Newspaper article St Louis Post-Dispatch (MO)

Murphy's Laws for the '90S

Newspaper article St Louis Post-Dispatch (MO)

Murphy's Laws for the '90S

Article excerpt

THE '90s are halfway over, and I haven't half a clue where they're going, or even where they've been. Athletic shoes are getting bigger. Portions are getting smaller. Otherwise, there don't seem to be any rules.

Fortunately, a local man, Lee the Rehabber, has stepped in with some laws for our lawless times. Lee says he's written some Murphy's Laws for the '90s.

The original Murphy's Law is: "If anything can go wrong, it will." It has been the guiding principle of our century.

There are many theories about who Murphy was. One of the foremost Murphy scholars is author Paul Dickson. He made himself director of the Murphy Center for the Codification of Human and Organizational Law. (Well, if he didn't, who would?)

Paul says many believe the real Murphy "was a military man, Capt. Ed Murphy" who laid down the law in 1949. That makes sense. No one can create a SNAFU like the military.

Novelist Samuel Beckett was probably the first person to formulate the law "in his novel named, of course, `Murphy' " in 1938, a year when everything was going wrong.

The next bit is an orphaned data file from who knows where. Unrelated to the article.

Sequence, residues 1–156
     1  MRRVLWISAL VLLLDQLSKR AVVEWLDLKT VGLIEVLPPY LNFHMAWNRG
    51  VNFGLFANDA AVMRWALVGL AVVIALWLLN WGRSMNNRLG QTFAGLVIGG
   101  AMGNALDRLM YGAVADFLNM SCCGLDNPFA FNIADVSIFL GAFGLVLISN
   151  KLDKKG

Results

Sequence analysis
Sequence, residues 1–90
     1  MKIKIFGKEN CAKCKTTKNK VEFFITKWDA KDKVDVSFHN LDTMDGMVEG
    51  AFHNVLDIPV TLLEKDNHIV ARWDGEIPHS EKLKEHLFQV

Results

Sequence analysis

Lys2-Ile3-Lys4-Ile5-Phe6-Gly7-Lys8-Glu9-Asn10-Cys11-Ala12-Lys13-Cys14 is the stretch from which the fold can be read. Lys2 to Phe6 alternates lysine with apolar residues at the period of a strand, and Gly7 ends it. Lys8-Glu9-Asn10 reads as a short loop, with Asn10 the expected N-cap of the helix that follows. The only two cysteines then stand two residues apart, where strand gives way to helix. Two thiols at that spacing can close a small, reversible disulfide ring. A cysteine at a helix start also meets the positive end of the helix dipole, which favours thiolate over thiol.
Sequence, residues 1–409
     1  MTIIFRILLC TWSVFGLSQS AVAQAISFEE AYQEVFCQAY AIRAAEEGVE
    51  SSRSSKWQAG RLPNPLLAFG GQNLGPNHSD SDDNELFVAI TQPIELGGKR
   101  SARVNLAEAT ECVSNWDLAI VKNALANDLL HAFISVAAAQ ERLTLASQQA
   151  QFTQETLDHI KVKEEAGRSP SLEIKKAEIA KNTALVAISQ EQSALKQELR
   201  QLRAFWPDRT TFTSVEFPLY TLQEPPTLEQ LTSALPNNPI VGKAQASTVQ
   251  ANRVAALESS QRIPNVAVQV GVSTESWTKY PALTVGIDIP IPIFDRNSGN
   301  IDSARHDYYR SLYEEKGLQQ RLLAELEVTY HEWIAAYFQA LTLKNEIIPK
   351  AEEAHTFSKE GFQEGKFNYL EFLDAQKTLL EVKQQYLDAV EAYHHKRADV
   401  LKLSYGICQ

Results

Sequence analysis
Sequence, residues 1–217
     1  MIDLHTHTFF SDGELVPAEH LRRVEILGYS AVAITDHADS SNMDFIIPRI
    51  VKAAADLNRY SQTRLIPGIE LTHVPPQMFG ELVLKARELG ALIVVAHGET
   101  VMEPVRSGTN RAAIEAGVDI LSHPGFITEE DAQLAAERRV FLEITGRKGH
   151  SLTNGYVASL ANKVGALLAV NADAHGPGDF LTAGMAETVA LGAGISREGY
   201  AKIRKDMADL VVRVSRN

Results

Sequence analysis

Beckett wrote something similar to Murphy's Law, Paul said. "Ed Murphy was the first person to articulate it."

Lee the Rehabber is fit to follow in these footsteps. All rehabbers know that things can go wrong. Take a typical rehabber operation, like fixing a leaky faucet in the upstairs bath. It's been dripping since 1976, but for some reason, you can't stand it any more.

You start to work. Three thousand dollars and 3 million curses later you have ripped out the sink and the toilet, put in a new shower, a new floor, new plastic pipes, and made one trip to the emergency room for 13 stitches in your arm.

Lee is a man who knows things go wrong. He codified these 10 laws, with some amendments from me:

Lee's Laws of the '90s

1. Lee's Law of the VCR: When you finally set the VCR clock to the right time, there will be a power blackout.

2. Lee's Law of the Obsolete Owner: Any 4-year-old can program the VCR 10 times faster than you. …

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